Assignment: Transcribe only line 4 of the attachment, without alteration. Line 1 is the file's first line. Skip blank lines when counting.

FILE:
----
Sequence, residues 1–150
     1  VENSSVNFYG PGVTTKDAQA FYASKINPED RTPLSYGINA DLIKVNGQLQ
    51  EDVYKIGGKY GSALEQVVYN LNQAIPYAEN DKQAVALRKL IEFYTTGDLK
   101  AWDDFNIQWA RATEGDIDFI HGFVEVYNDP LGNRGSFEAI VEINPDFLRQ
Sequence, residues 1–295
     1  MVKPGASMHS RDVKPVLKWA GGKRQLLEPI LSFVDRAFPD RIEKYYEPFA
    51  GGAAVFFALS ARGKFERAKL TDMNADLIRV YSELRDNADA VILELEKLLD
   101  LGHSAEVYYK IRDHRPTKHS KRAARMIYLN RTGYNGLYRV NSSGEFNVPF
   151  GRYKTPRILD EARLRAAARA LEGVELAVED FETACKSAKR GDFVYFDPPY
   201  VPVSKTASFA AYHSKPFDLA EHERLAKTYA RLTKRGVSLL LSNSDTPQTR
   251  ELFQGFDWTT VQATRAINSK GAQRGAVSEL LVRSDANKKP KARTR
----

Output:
   101  AWDDFNIQWA RATEGDIDFI HGFVEVYNDP LGNRGSFEAI VEINPDFLRQ